Anybody who has worked in the private sector knows the kind of sway another job offer can hold over your current employers. In most fields, nobody really knows what anybody is actually worth. Who is good and who is bad at his or her job tends to be a nebulous and subjective measurement. But when somebody else wants to hire you, then your market value is determined.
And so it's hardly surprising that when the England manager job opened up and the United States men's national team head coach Jurgen Klinsmann—also the U.S. Soccer technical director—was bandied about as a possibility, he didn't refute the buzz. The English remain infatuated with the charming German, a remnant of his triumphant playing days with Tottenham Hotspur. They even considered him a favorite for a while.
In the past, Klinsmann has quickly and vociferously rebutted chatter about his interest in other jobs. This time, he didn't. Not even as Sam Allardyce displaced him as the favorite and ultimately got the gig—while the Football Association apparently never even sought permission from U.S. Soccer to interview Klinsmann, presumably meaning he actually wasn't a serious candidate.
Klinsmann let the rumors swirl on, though. Because this summer, for the first time in his five years in charge, the seat he almost never sits in during games had gotten hot. Absent a strong or at least promising performance in the Copa America Centenario, the Klinsmann Era may have ended long before whatever end game the man with the big ideas—and shaky track record with the U.S.—had envisioned. A semi-final appearance in Copa was enough for him to hold onto the job, anyway.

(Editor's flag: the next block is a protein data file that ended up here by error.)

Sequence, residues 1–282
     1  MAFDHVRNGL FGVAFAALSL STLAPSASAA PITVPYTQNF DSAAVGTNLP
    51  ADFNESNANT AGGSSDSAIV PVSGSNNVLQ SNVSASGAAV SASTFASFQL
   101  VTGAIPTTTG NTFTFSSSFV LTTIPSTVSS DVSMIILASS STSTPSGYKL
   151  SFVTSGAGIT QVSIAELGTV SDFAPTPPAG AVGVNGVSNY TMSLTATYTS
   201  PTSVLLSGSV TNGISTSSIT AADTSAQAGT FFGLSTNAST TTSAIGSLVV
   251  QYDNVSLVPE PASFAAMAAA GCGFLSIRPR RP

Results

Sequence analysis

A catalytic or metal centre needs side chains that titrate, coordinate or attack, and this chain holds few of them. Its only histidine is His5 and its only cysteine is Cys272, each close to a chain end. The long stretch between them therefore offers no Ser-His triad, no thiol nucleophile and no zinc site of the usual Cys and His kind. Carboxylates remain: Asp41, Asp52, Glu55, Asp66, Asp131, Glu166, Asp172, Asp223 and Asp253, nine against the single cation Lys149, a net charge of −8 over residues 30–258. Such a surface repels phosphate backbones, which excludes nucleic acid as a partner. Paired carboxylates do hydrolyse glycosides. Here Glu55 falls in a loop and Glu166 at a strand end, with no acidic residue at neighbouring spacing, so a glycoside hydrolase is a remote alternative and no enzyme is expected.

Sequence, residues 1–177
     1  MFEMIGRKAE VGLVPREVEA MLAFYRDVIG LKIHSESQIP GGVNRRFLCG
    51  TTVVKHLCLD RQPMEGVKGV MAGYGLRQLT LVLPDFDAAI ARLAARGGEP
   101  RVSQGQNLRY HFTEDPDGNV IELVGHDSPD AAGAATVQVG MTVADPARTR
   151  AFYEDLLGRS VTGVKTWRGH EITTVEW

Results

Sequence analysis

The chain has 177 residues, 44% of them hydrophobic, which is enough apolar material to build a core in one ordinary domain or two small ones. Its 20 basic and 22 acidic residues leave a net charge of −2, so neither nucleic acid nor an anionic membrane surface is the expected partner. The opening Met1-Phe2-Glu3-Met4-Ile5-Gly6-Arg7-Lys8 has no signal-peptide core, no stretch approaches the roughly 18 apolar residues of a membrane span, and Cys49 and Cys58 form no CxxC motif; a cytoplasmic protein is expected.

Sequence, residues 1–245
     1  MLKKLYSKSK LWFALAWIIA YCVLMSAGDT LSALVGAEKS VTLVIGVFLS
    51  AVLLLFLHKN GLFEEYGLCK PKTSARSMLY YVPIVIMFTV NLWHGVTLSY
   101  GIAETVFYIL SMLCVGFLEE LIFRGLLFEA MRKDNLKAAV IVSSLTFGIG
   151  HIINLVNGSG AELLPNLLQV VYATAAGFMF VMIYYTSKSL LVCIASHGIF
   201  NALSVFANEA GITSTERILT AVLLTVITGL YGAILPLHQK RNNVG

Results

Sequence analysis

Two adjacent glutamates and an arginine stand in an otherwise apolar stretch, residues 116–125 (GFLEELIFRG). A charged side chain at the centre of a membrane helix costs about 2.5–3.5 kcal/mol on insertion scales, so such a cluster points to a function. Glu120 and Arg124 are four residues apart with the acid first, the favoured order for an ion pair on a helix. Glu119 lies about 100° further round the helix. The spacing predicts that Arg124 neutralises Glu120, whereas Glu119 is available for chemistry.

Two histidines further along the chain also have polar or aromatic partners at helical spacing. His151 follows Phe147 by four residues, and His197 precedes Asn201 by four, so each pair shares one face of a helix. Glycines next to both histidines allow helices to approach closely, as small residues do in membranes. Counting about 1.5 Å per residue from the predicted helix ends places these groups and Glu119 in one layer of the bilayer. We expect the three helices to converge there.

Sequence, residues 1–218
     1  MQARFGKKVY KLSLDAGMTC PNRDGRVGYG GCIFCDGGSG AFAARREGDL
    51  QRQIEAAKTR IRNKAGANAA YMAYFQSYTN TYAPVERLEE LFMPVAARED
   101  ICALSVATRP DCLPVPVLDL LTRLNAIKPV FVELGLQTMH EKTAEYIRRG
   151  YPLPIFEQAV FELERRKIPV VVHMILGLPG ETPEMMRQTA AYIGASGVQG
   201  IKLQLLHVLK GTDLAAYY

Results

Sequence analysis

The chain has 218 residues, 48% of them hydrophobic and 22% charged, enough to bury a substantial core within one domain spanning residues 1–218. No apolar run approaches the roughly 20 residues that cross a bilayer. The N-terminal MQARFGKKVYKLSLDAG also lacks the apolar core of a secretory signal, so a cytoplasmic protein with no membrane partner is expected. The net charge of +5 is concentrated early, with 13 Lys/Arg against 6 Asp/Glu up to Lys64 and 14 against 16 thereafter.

But recall the last time there was talk of Klinsmann's serious candidacy for another job, when Switzerland apparently came knocking. Klinsmann quickly signed a contract extension. That was in late 2013, and the U.S. had just come off a rollicking summer, swaggering to World Cup qualification and an off-year Gold Cup title by reeling off a record dozen consecutive wins. The federation was happy with him then. So, as most would, he presumably leveraged the interest into locking down a new and improved deal—reportedly taking his salary from $2.5 million annually to $3 million.
This time, with patience for his long-running USMNT project wearing as thin as the results it has yielded, he was seemingly happy to let the suggestions that U.S. Soccer might lose him fester. It's questionable whether or not he was ever going to uproot from his beloved adopted home in Southern California and join an English federation that expected its manager to buy into the philosophy and course it had already set out—Klinsmann likes to build things from the ground up. But he stood to gain nothing from publicly ruling out the possibility.
On Friday, Allardyce was finally confirmed as England manager, all but ensuring that Klinsmann will remain the U.S. manager through the 2018 World Cup—barring a qualifying disaster. Seemingly, there are few other positions out there that might tempt him. The question that remains unanswered is what impact all of this might have had on his relationship with U.S. Soccer and his benefactor there. President Sunil Gulati, who led his recruitment, was a staunch supporter until he openly demanded wins in the Copa.
Because when Allardyce's appointment was finally confirmed, Klinsmann once again stayed quiet. And his silence spoke the loudest.